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Communicating Effectively

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Feb 17, 2004
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Empower Yourself: Communicate Effectively


We all want to get our way. It's human nature and it's inevitable. After all, who else is in your mind with the exact same perspective as you!? If you are older than 18, you probably realize that life is full of compromises and sometimes you don't get what you want. However, I think that effectively communicating will increase your chances of presenting yourself to your best advantage.

For example, have you ever fought about something that you'd assumed another person was thinking or feeling? Chances are you could have saved a lot of time and energy by simply asking some straight forward questions. You simply failed to communicate effectively! Therefore, you and another person argue and neither wins. Beep ... try again!

Long story short, I scoured the net to find, what I think, are some good tips for getting what you want. In the name of increased satisfaction, here are some simple communication techniques. And by the way, before you hit your husband with the frying pan, make sure that he was really insinuating that your thighs could use some toning up. If you were wrong, he gets a hug. If you were right, he gets a slug. LOL.

- Cali

[*]Statistics suggest that between 70-90% of what we communicate is nonverbal. It's not what you say, but how you say it that relates your true message. To get your message across nonverbally, it's important to maintain eye contact when listening and to vary the amount of eye contact when speaking. You should face the person being spoken with, nod every now and then to show understanding, and avoid fidgeting.

[*]Maintain an open posture and avoid crossing your arms and legs, as this communicates a lack of openness and rigidity. Above all else, never interrupt the person speaking. Extend the person some respect by allowing him or her the time to deliver the full message. Interrupting suggests that you've been spending more time thinking of responses than listening.

[*]Verbal communication accounts for about 25% of the message being sent. The most important aspect of verbal messaging is to ensure that what you express matches how you are expressing it. Telling someone you don't feel angry with clenched teeth and piercing eyes is inconsistent as is telling someone how much you love and appreciate him or her while yawning and staring at the television. Typically, how you say something relates your true feelings.

[*]When voicing your feelings, use "I feel" and not "you make me feel" statements as this sets up defensiveness in others. Take responsibility for your own feelings. If someone has done something that has hurt you, address the behaviors and not the person. For example, if you were hurt because your partner failed to do the dishes as promised, say "I feel hurt that you didn't wash the dishes" instead of "You are so insensitive and a jerk for not doing the dishes." Focus on the person's behavior; don't attack his or her character.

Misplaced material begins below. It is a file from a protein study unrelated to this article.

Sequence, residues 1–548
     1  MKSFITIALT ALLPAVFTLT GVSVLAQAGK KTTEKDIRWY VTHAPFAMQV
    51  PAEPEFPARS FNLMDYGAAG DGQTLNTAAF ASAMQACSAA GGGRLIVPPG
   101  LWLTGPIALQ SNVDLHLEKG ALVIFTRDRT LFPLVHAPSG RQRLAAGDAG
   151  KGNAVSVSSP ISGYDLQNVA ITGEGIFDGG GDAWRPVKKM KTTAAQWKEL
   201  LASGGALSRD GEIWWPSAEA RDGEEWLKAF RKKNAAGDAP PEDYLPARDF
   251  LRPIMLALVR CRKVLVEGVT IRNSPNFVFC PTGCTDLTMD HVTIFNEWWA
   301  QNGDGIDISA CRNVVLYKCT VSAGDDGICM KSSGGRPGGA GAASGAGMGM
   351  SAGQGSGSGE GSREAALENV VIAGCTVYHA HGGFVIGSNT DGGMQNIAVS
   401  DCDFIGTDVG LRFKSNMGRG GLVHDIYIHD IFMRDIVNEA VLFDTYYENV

[*]When addressing how you feel and the behavior that caused it, finish up by stating the effect the behavior had on you and what you would like to see change as a result of your discussion. It's unfair to tell someone what was done wrong without indicating what action you would like to see in the future. For example, "I felt hurt when you didn't wash the dishes because I trusted your word. It's important to me that you do what you say you will do. Could you make sure they're done next time or perhaps you have another idea?" By expressing your feelings, outlining the behavior you would like changed, and suggesting some alternate behavior keeps the communication lines open. Attacking someone's actions or being often falls on deaf ears.

[*]Practice. Change yourself by changing the way you communicate rather than trying to change someone else (which is out of your control).

[*]Before entering potentially volatile discussions,it is beneficial to agree that both yourself and your partner will communicate in a kind, honest, constructive manner. (Hide the frying pan for now.)

[*]Often people can see anger but refuse to look at the real emotions which are hidden beneath it. For example, when my partner hurts me with something he says, my immediate response might be to lash out at him in anger rather than looking at the hurt which is there. Each person has a choice to either strike back verbally or to discuss the feelings of hurt, misunderstanding, etc.

[*]Make sure your timing is good. If the message is not received, there is no point in sending it. So choose your moment, and make sure you have undivided attention.

[*]Use empathy. Climb inside another’s world, in order to gain a feeling of what his/her world is like, and to look at the outer world through his/her perspective or frame of reference and, if possible communicate this understanding in a way that shows you have some understanding of their feelings and the experiences and behaviors to which these feelings relate.

[*]Use the frying pan in emergencies only. "That was for the thigh comment you ***@#)@@**!" ... jk